The term “trisomy” is used to describe the presence of three chromosomes, rather than the usual pair of chromosomes. For example, if a baby is born with three #21 chromosomes, rather than the usual pair, the baby would be said to have “trisomy 21.”
Trisomy 21, also referred to as Down Syndrome, is a chromosome abnormality. The syndrome is caused by an extra copy of chromosome 21. Trisomy 21 is a common birth defect, appearing in about one out of every 800 newborns.
Other examples of trisomy include trisomy 18 and trisomy 13. Again, trisomy 18 or trisomy 13 simply means there are three copies of the #18 chromosome (or of the #13 chromosome) present in each cell of the body, rather than the usual pair.
Trisomy 21 is a genetic disorder and is one of the most common genetic birth defects, affecting approximately one in 800 to 1,000 babies. In the United States, there are more than 350,000 individuals with Down syndrome, according to the National Down Syndrome Society. Life expectancy among adults with Down syndrome is about 55 but through advances in science, exercise, and nutrition the those numbers are significantly rising.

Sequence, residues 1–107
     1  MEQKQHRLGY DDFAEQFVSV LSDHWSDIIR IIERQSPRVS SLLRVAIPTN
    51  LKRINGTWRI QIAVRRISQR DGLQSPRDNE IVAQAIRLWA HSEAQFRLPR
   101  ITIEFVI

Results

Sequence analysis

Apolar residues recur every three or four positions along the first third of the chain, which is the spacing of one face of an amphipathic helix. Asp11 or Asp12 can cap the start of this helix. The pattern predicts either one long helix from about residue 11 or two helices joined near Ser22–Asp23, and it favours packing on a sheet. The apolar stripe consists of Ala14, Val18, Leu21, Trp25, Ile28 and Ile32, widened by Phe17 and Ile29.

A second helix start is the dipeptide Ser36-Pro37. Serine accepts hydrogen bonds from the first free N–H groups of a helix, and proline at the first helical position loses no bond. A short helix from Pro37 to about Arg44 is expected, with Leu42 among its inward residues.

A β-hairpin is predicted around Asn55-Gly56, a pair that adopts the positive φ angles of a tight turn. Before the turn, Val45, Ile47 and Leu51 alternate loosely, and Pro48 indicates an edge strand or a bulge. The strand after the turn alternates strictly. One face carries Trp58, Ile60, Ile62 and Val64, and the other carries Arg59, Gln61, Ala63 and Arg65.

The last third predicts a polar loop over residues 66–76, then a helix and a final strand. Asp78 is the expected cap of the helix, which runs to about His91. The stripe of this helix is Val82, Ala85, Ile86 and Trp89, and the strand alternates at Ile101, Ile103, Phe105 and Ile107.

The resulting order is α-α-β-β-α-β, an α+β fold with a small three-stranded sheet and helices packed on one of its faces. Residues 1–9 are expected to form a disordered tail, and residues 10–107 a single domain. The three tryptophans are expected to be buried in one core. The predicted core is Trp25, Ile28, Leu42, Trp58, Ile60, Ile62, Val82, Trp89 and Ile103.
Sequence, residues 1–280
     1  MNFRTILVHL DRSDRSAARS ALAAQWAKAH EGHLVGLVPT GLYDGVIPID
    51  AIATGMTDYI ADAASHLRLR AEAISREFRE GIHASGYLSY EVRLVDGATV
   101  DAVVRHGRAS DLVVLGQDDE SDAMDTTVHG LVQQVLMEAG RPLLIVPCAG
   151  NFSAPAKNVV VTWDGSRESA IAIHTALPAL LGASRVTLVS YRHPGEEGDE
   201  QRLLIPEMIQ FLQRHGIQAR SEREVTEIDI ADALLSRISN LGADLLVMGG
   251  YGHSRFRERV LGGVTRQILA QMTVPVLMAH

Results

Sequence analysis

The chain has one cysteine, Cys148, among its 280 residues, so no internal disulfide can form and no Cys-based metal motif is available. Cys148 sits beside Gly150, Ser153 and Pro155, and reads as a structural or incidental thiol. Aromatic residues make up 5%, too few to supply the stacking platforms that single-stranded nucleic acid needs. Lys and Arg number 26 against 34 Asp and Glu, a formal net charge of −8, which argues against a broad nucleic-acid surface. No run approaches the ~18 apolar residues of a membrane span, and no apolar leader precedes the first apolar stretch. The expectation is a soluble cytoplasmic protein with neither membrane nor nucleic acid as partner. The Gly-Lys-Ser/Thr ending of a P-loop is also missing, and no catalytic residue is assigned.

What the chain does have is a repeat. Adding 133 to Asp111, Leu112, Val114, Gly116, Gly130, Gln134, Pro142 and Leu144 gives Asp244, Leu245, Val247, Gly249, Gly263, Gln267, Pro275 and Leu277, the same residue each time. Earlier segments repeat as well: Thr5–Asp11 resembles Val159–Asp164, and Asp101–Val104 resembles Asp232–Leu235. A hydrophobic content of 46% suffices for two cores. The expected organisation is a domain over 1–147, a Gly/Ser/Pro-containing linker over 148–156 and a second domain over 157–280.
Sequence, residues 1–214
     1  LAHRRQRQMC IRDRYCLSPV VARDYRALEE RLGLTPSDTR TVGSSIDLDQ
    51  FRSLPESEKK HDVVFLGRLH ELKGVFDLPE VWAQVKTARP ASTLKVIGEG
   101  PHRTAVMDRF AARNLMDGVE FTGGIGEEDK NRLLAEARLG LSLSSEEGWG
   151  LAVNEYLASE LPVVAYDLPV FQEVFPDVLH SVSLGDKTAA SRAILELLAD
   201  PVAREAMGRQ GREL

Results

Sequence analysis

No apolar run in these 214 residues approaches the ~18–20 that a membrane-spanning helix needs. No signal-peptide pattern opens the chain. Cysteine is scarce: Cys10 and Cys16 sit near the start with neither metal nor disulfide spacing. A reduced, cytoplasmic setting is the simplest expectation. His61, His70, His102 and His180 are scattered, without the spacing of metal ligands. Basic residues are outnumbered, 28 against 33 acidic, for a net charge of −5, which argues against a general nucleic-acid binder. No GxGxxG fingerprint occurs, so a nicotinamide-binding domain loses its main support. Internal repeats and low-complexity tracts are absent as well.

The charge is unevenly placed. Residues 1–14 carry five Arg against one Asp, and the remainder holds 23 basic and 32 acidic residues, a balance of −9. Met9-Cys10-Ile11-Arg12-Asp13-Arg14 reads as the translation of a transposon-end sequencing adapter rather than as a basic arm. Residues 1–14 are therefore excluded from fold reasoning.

The name “Down syndrome” comes from the physician, Dr. Langdon Down, who first described the collection of findings in 1866. It was not until 1959 that the cause of Down syndrome (the presence of an extra #21 chromosome) was identified.